It never stops — the lies of the left.
Yesterday at his press conference, President 0bama stood in front of the press and the nation and repeated the lie that increasing the debt limit means defaulting on our national debt.
By August 2nd, we run out of tools to make sure that all our bills are paid. So that is a hard deadline. And I want everybody to understand that this is a jobs issue. This is not an abstraction. If the United States government, for the first time, cannot pay its bills, if it defaults, then the consequences for the U.S. economy will be significant and unpredictable. And that is not a good thing.
We don’t know how capital markets will react. But if capital markets suddenly decide, you know what, the U.S. government doesn’t pay its bills, so we’re going to start pulling our money out, and the U.S. Treasury has to start to raise interest rates in order to attract more money to pay off our bills, that means higher interest rates for businesses; that means higher interest rates for consumers. So all the headwinds that we’re already experiencing in terms of the recovery will get worse.
Uh, no. If we don’t pay our debts, then the people lending us the money will stop lending us money, or charge us a much higher price for it. But hitting the debt limit will not force a default any more than a person who has maxed out his credit cards will default on them if the bank doesn’t raise his credit limit.
President 0bama goes on to address this point with another bald-faced lie. (Is that why politicians don’t have beards, because then their lies would not be bald-faced? But I digress.)
Point number two, I want to address what I’ve been hearing from some quarters, which is, well, maybe this debt limit thing is not really that serious; we can just pay interest on the debt. This idea has been floating around in some Republican circles.This is the equivalent of me saying, you know what, I will choose to pay my mortgage, but I’m not going to pay my car note. Or I’m going to pay my car note but I’m not going to pay my student loan. Now, a lot of people in really tough situations are having to make those tough decisions. But for the U.S. government to start picking and choosing like that is not going to inspire a lot of confidence.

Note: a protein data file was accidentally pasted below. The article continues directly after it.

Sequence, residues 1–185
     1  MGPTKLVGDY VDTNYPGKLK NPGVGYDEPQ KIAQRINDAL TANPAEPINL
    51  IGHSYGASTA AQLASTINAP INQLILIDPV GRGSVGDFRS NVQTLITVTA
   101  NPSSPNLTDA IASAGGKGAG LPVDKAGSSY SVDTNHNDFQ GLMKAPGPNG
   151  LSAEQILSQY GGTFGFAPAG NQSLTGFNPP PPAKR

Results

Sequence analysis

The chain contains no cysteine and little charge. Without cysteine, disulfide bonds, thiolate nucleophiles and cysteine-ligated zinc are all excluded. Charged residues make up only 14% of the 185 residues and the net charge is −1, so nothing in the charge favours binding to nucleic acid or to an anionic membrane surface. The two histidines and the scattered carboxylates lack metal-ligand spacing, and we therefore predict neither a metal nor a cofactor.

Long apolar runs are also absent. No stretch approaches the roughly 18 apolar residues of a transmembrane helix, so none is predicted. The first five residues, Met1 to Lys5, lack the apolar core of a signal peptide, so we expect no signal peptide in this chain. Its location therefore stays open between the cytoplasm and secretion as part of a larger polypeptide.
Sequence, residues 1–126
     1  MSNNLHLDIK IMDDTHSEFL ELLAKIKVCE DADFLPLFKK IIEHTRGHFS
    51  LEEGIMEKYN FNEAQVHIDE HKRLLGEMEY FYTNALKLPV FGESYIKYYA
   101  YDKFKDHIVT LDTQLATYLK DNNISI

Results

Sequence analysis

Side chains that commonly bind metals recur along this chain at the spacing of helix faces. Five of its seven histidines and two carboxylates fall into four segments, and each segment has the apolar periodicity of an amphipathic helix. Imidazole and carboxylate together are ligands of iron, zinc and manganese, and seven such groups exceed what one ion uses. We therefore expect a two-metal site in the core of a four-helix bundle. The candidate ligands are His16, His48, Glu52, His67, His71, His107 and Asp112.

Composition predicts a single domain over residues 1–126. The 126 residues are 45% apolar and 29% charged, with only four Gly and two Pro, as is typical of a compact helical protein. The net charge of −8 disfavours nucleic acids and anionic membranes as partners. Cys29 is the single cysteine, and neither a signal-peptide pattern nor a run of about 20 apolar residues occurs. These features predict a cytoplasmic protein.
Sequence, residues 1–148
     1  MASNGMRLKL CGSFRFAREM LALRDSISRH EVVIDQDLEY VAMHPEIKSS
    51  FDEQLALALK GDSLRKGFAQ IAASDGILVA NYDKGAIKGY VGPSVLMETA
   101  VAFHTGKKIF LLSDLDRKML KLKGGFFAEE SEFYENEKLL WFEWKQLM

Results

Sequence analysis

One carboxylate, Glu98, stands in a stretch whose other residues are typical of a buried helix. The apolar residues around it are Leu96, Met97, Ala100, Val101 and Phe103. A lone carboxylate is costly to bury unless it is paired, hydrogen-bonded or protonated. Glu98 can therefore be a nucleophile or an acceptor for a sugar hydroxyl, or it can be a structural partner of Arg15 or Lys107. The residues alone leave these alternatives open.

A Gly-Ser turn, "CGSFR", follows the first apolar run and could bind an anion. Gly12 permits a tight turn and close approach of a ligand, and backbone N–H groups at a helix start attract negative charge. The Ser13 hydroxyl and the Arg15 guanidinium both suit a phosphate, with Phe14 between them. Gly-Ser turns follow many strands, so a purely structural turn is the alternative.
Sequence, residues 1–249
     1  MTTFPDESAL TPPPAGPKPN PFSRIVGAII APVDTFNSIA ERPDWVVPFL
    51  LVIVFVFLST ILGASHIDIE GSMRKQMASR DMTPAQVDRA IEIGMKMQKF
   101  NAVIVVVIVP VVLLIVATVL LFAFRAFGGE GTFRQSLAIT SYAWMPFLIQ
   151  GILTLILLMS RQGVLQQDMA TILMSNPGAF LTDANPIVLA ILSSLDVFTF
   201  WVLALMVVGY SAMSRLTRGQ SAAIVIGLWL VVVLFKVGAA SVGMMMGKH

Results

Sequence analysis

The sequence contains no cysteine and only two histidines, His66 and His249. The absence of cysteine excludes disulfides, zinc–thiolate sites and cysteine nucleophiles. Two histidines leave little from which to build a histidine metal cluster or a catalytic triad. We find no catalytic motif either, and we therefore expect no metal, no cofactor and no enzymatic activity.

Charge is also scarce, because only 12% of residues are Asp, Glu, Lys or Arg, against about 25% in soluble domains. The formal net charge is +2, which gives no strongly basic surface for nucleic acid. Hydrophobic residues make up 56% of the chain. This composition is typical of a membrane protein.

Moreover, which bills are we going to decide to pay? These guys have said, well, maybe we just pay the interest on — for bondholders. So are we really going to start paying interest to Chinese who hold treasuries and we’re not going to pay folks their Social Security checks? Or we’re not going to pay to veterans for their disability checks? I mean, which bills, which obligations, are we going to say we don’t have to pay?
Bills are not obligations. Obligations are those things that one has to pay to avoid being in default. Mortgages, car loans, and student loans are debts. Things like next month’s bills — cable, trash, water, power — are not obligations. If you cannot afford them, cancel them or reduce your usage to lower your costs. He gives more bad examples to reinforce the lie:
And last point I want to make about this. These are bills that Congress ran up. The money has been spent. The obligations have been made. So this isn’t a situation — I think the American people have to understand this — this is not a situation where Congress is going to say, okay, we won’t — we won’t buy this car or we won’t take this vacation. They took the vacation. They bought the car. And now they’re saying maybe we don’t have to pay, or we don’t have to pay as fast as we said we were going to, or — that’s not how responsible families act. And we’re the greatest nation on Earth, and we can’t act that way.
Congress has not already spent the money on Medicare, Medicaid, Social Security, Unemployment Insurance, defense, courts, etc. Congress has promised to spend that money, but it is under no obligation to do so. If we hit the debt ceiling, the Treasury Secretary decides which bills to pay first. If the nation’s top tax cheat chooses not to make our debt payments, then we will default on our national debt and our Treasury Secretary will be solely to blame for the default. Congress should immediately pass a bill requiring that our debt obligations be paid first.
Then what? 0bama does have a point that we need to make choices. Well, that choice is actually quite simple — pay what we are contracted to pay. Contracts, like debt payments, are obligations. Defense contracts are — until the contract expires. Employee salaries (including soldiers, sailors, airmen, and marines) are — up until the employee’s contract is terminated. Social welfare payments, however, are not contracts.